Engineered wood flooring is gaining popularity as a solid wood alternative, partly due to better manufacturing and it’s greener disposition. For homeowners who want the elegant look of solid wood, but need something a little more eco- or budget-friendly, engineered wood is a great choice.
In fact, engineered wood has several benefits over solid wood flooring, such as:
- it can be manufactured and shipped for less, saving you money at retail
- increased stability, due to a multi ply core, resists the gapping in cold climates and cupping in warm climates that solid wood often endures due to expansion and contraction with moisture changes
- increased stability allows for more installation options – engineered wood can be installed on a variety of surfaces with several different installation methods
- sustainability – engineered wood can yield up to three times more square feet of floor covering per tree harvested than solid wood
As for style and durability, manufacturers such as Meritage, Majestic, Versini, Bruce and Armstrong offer engineered wood flooring in exotic species, distressed wood, smooth wood, handscraped wood, hickory, oak, maple and birch. Which product you choose should be primarily based on the type of subfloor it will be installed upon. This will determine which installation methods are best and which engineered product is most appropriate for that type of installation. Also consider the environmental conditions that your engineered flooring will be living in, and how drastic the moisture changes can be.
Most manufacturers suggest a relative humidity range of 35 – 55%, but that can vary based on the technique used to create the surface layer of the product.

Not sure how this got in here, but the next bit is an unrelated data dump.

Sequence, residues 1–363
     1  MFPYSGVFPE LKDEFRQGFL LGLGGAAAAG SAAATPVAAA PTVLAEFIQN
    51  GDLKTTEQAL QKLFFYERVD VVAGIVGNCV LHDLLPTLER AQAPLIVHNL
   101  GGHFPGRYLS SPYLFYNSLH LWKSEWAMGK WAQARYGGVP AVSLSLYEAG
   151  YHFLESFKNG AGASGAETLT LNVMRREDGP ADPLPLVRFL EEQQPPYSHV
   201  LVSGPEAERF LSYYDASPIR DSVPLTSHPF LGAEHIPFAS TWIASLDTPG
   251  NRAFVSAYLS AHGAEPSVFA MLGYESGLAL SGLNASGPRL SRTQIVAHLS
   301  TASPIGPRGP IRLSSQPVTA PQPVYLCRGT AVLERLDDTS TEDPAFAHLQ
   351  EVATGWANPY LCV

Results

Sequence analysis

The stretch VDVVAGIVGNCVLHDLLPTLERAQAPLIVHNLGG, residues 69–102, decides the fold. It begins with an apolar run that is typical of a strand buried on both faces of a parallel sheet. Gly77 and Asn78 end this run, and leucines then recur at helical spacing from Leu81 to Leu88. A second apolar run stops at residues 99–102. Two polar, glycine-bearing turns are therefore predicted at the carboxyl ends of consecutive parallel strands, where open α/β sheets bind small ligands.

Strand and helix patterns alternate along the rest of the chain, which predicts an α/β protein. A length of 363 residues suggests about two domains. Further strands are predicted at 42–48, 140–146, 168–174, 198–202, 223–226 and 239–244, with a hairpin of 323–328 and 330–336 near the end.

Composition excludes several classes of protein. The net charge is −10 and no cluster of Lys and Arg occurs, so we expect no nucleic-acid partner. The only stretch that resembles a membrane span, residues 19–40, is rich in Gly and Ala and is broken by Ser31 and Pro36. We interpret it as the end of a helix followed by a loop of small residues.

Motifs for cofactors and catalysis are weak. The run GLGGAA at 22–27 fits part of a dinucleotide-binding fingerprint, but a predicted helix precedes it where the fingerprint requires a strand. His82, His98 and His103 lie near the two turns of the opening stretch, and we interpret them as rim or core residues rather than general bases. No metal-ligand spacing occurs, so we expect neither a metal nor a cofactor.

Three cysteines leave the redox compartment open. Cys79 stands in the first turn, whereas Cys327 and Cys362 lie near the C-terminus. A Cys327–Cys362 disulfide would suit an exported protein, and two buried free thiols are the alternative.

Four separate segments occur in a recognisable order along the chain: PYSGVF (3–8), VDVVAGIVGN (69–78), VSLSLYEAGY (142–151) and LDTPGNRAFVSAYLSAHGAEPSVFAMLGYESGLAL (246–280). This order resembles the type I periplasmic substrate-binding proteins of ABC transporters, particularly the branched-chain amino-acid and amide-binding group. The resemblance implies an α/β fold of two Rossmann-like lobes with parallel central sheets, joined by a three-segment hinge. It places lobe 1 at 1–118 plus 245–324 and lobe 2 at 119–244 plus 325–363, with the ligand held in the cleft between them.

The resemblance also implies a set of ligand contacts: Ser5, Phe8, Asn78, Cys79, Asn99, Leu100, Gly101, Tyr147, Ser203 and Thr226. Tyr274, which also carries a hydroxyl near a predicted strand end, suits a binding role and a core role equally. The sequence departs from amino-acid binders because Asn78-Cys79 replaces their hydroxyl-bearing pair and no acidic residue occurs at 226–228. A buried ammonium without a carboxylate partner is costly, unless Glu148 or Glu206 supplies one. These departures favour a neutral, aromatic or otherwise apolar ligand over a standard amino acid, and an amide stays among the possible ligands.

Engineered flooring surfaces can be made by several different techniques, including rotary peeling, slicing and sawing. Rotary peeling is the least expensive method and produces the least amount of waste. However, the peeling process causes tiny cracks to form in the peeled layer which are often not noticeable once the surface layer has been glued to the plywood core. When moisture changes push the floor to expand or contract, these tiny cracks may become apparent in the flooring. Slicing and sawing surface layers aren’t as susceptible to these cracks, but they are more expensive methods.
Lastly, consider the traffic patterns of your home. Most of the time it is thought that a thicker surface layer is better, but that’s not always the case. A thicker layer allows for more sanding and refinishing, but sanding isn’t necessary unless you want to stain the floor a different color. Otherwise, floors can be screened and glossed to give them a new look.